By Andrew Hamlin
Northwest Asian Weekly
King Hu, master of the wuxia (“martial heroes”) form of historical-epic Chinese martial arts film, had considerable cachet after his film, “A Touch of Zen,” finished in 1971. His next full-length project, “The Fate of Lee Khan,” would take the fists-and-feet fury in another direction.
“The Fate of Lee Khan,” released in 1973 and coming soon as a reissue to the Northwest Film Forum in Seattle, featured women in most of the lead roles, showcasing the acting and fighting talents of several ladies on their way up in the industry, or who were already at the top. So having many women up front was a rarity in such films, and Hu made the most of his cast.
“I became aware of the film in research with regards to upcoming restorations,” said Northwest Film Forum programmer Amanda Salazar, who put the film into the Forum’s schedule. “The distributor Film Movement, had just announced the new 2k restoration.”
Salazar watched the film from her own home, to size it up. She was instantly impressed, although, she allowed, it will surely look even better on the Forum’s big screen.
“My initial thought was, ‘Badass!’” she enthused. “Seeing a group of women run, operate, and fight within the setting of an inn was so fun and dynamic. The story, the costumes, and of course, the martial arts choreography [from Hong Kong legend Sammo Hung] is incredible.”
The story, written by Hu himself with Chung Wang, concerns Lee Khan (played by Tien Feng), an official working for Mongolian Emperor Yuan of the Yuan Dynasty. He procures the battle map of the Chinese rebel army, which, if delivered to his superiors, guarantees them success against the rebels, who fight to restore the rival Han dynasty.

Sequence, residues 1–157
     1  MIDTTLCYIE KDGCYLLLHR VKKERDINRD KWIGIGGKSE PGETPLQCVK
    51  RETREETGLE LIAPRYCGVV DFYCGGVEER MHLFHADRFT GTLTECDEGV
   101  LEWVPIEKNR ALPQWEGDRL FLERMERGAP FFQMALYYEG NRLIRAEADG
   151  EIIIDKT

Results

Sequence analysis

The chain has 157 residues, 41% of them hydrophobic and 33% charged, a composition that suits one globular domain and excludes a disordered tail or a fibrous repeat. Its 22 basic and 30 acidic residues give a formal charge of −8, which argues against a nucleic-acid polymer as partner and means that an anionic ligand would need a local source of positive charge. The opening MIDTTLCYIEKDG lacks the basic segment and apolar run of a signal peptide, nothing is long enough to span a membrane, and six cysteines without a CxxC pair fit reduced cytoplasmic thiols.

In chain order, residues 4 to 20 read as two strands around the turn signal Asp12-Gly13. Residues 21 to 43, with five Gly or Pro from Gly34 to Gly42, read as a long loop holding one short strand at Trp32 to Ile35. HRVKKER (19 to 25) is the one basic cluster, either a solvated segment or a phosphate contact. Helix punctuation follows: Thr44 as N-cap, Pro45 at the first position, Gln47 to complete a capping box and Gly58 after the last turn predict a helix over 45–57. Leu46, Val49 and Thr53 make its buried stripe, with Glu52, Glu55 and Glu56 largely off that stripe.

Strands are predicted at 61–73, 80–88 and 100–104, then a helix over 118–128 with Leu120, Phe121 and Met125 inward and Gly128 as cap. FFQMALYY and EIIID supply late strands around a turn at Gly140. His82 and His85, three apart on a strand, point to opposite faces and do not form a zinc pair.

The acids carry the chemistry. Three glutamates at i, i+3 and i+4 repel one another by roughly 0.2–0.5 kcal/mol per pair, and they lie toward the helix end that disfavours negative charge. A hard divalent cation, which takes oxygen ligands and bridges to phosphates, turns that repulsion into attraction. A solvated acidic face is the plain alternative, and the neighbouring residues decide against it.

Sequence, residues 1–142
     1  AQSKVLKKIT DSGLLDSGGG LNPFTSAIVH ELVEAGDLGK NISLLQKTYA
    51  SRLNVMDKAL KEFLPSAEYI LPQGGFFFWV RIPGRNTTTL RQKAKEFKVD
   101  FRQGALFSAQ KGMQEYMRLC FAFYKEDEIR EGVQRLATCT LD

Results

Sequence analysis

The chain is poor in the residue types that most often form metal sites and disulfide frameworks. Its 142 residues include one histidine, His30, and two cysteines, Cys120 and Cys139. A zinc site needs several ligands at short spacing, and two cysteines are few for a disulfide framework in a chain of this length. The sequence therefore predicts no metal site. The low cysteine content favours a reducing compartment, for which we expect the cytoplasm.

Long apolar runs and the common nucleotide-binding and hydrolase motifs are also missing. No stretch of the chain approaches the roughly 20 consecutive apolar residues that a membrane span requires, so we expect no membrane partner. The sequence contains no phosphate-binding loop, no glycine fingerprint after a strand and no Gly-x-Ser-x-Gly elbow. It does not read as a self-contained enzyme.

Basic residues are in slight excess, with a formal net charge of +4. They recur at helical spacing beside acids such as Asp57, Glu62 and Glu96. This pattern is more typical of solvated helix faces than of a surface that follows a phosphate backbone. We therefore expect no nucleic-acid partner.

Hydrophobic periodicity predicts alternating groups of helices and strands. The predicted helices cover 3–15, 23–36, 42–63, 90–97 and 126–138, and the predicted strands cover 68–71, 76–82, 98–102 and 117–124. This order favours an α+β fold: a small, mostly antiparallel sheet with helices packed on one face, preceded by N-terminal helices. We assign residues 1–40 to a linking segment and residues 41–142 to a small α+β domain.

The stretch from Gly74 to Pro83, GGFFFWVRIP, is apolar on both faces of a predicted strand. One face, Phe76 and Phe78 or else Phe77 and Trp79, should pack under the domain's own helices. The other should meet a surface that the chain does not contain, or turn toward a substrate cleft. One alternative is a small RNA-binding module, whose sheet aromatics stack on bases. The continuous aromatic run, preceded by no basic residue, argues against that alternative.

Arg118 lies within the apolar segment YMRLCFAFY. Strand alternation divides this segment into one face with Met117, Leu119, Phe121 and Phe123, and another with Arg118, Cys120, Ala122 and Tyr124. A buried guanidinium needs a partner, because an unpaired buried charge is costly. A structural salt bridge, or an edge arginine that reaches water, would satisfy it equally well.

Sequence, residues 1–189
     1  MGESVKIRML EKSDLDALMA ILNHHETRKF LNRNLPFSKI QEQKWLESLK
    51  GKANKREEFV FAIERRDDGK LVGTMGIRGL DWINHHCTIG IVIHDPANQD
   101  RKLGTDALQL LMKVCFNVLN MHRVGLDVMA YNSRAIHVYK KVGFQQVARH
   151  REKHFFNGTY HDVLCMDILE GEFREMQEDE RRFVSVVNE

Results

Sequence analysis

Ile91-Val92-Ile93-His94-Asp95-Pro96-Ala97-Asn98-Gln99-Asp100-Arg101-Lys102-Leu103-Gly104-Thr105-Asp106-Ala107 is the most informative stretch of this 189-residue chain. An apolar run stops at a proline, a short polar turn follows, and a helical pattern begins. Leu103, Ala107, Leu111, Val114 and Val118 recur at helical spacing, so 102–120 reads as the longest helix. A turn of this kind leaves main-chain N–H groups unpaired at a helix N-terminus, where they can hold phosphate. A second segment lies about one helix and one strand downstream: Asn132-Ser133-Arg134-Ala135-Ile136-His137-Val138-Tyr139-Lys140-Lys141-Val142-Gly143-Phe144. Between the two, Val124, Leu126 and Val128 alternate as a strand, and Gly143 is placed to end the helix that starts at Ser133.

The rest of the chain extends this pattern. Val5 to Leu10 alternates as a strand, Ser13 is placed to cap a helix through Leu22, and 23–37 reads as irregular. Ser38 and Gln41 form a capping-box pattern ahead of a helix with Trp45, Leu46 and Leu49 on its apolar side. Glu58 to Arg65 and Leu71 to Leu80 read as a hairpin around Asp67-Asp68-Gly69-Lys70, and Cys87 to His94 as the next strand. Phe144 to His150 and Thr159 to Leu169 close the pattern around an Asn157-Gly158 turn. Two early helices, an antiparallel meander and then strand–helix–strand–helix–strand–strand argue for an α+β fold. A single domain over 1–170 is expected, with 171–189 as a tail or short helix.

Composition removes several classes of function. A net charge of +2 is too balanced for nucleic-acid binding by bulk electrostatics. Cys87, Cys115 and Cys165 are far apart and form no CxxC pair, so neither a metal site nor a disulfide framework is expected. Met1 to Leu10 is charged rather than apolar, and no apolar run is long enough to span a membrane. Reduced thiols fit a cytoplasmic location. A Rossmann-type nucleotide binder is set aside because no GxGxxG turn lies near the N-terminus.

A crack team of Chinese resistance fighters moves in to foil Khan. They get unlikely help from an undercover all-female gang working within Khan’s ranks to undermine him.
The female leads include Li Li-hua, daughter of a famous Beijing Opera actor who herself studied the performance and acrobatic traditions of Beijing Opera from an early age; Angela Mao, aka “Lady Whirlwind,” raised on acrobatics and hapkido, discovered and put into movies when she was just 17; and Feng Hsu, who bounced between Hong Kong and Taiwan, getting her breakout role in King Hu’s earlier movie “A Touch of Zen.”
“This is another great film within Hu’s canon of work,” said Salazar. What I particularly like about this one is the setting for most of the movie: The inn. It provides a cramped but dynamic space for the characters to interact within, so the story is easy to follow, but also tense.”
King Hu had, to his credit, used dynamic and self-sufficient women in lead roles before.
But this particular combination, working together as a team, left two distinct impressions reverberating down successive decades. First, fighting females were here to stay. Second, they demanded, and deserved, as much respect and as much exposure, as producers and directors could give them. Action movies would never be the same.
“The Fate of Lee Khan” plays April 10–12 at the Northwest Film Forum, 1515 12th Ave., Seattle. For prices, tickets, and showtimes, visit nwfilmforum.org/films/fate-of-lee-khan-king-hu.
Andrew can be reached at email@example.com.